Sunday, April 10, 2022

REVIEW: '61st Street' - Moses' Plans for the Future Disappear Simply By Being in the Wrong Place at the Wrong Time in 'Pilot'

AMC's 61st Street - Episode 1.01 "Pilot"

Track star Moses Johnson is swept up into a world of chaos, violence and corrupt policing during a presumed drug sting gone wrong. Public defender Franklin Roberts considers retirement and his impact on the community.

"Pilot" was written by Peter Moffat and directed by Marta Cunningham

Moses Johnson couldn't possibly be guilty of killing a cop. And yet, that's exactly what happens. The police respond with absolute viciousness and hatred. They are motivated out of anger and take out their vitriol on a community they already see as less than. They were monitoring the people selling drugs on the corner. They took aggressive actions to cut down on the drug trade. But all they care to remember is the moment a gun is fired. That gives them permission to do whatever they want. Moses responds by running. That's his entire identity. Before that moment, he was a track star preparing for college. He received a full-ride scholarship. He made his way out of this community. Success awaits him. All of his dreams are coming true. He can be the pride and joy of the south side. He will accomplish many great things - possibly even an Olympic medal. He worked hard to achieve all of this. He wants to protect his younger brother from the gangsters encroaching on their neighborhood. He fondly remembers a time when there was honor amongst criminals. They knew school zones were off limits. But now, everyone is so desperate to survive. They will cross any line if it leads to personal prosperity. They are proud to boast of what they are willing to do. That means even pointing a gun in Moses' face. The cops don't care to understand what that moment was possibly about. Instead, they only see a murder that happened while another felony was in process. That means they can charge everyone they arrest with the murder of one of their own. It's a classic tactic of seeking the maximum punishment and ensuring an entire community pays for the crime instead of one individual. It's necessary to see the systemic cases of human behavior. The scope is necessary and can provide enlightenment. Moses doesn't want anything to jeopardize his future career as an athlete. He recognizes the threat that comes from being at the wrong place at the wrong time. He blames the officer for refusing to get out of his way. He didn't mean for him to pay with his life. That's what happens though. And so, all of this only escalates further. The intensity quickly goes up. It's a matter of life or death for everyone. It's not only Moses' life on the line. His brother and mother are targeted by the police just as fiercely. The officers believe they must be allies to their cause otherwise they would be just as responsible for this loss. They simply can't imagine a scenario where that is true. And yet, loyalty is a much more complicated thing. It can't quickly be surmised like that despite the lieutenant's best efforts to intimidate.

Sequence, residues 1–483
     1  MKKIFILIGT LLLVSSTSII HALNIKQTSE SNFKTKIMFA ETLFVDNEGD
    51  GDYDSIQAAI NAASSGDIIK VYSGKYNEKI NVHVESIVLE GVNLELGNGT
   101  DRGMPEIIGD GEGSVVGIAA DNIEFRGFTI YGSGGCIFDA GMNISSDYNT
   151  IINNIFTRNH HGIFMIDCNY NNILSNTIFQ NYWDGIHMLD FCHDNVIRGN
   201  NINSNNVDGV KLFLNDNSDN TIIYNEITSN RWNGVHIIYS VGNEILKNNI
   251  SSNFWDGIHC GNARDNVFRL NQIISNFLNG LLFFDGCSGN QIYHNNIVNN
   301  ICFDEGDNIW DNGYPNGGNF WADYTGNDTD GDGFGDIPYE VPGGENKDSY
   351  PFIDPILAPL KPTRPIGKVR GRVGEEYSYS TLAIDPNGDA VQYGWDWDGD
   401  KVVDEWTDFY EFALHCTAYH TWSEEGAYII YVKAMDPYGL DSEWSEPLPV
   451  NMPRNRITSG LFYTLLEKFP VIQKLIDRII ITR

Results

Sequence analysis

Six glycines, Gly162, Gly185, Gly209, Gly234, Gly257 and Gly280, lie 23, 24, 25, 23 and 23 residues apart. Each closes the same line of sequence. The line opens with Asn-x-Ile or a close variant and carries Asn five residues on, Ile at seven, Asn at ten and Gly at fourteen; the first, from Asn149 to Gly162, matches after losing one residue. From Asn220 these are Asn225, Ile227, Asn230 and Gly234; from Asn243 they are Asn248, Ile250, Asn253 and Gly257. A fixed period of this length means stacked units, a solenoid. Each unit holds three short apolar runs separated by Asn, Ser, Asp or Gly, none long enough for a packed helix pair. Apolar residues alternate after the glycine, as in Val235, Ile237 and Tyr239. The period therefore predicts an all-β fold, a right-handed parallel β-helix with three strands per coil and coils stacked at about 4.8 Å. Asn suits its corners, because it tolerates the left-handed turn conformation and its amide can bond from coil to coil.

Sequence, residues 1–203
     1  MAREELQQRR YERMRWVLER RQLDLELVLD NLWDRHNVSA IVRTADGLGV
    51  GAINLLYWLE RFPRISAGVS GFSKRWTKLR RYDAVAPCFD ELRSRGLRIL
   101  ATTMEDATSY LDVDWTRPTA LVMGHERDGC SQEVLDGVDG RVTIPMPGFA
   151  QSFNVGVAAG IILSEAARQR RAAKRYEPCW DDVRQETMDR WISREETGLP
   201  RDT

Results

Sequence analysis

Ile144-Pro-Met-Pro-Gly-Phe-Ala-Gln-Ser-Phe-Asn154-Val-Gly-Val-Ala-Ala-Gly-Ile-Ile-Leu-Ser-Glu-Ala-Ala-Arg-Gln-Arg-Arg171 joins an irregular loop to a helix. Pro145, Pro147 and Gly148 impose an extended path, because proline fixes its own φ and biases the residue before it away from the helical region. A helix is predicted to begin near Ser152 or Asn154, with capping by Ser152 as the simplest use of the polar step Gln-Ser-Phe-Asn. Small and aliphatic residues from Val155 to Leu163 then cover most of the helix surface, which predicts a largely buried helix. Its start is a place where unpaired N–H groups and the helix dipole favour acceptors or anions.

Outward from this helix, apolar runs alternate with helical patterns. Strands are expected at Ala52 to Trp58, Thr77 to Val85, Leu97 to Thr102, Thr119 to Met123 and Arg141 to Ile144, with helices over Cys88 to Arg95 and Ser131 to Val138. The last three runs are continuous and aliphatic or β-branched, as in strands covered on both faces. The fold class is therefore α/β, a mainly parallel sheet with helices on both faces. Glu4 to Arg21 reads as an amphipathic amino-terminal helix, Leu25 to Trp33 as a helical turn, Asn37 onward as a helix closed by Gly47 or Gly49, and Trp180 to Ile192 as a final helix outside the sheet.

The potential evidence exists to shine a light on what happened. There is no reason to believe Moses and Joshua were selling drugs or trying to buy them on the corner. The police are in close enough proximity to respond with violence when the situation calls for it. They can't ignore the moments before the gunshot. That provides meaningful context. Meanwhile, eyewitnesses and cameras are present. The lieutenant sees that. That will be a necessary tool to understand what happened to his fallen officer. Of course, Michael also went to work wearing a wire. It took a confidential informant for him to question the policy decisions being made by his superior. He wasn't being promoted for a reason. That comes with no clarity. Nor should the audience assume that any of these police officers are good at their jobs. They are a corrupt entity who move in complete sync with one another. They will get the information they need no matter what. They believe their lives are being targeted by people with such animosity and hatred. As such, they have a right to respond with even more viciousness. It's a tragic cycle of escalation. Moses can't run forever. That's the advice his mother gives him. She is brave for doing so. She does so to her own detriment. She wants people to be careful and protective of her life. It doesn't make sense for her son to be wrapped up in this scandal. That's the tragic twist of fate. Any moment could turn to tragedy. It doesn't matter if the future has other plans. It doesn't matter what one's reputation is around the community. So much is revealed. And then, Franklin Roberts is baffled when the system turns against the people who live here. He has been a public defender for decades. He too doesn't exactly seem good at his job. He has given his life to the profession. He now reckons with the idea that he didn't change anything for the better. He may have only made things worse for his clients because he offended judges who wield the power to sentence them however they want. It's a brutal depiction of the criminal justice system and the desperate people who are forced to endure it every day. It doesn't offer much personality or characterizations though. That may come in the future. Right now, the audience is suppose to be intrigued by the situation and the actors involved. Tosin Cole isn't exactly believable as a teenager. That's a problem when trying to display his innocence. The world has hardened plenty of people already. And now, they are forced to endure even more because the entire system ensures this is the outcome for so much of life. That's bleak and may not make for a thrilling or engaging show to watch every week.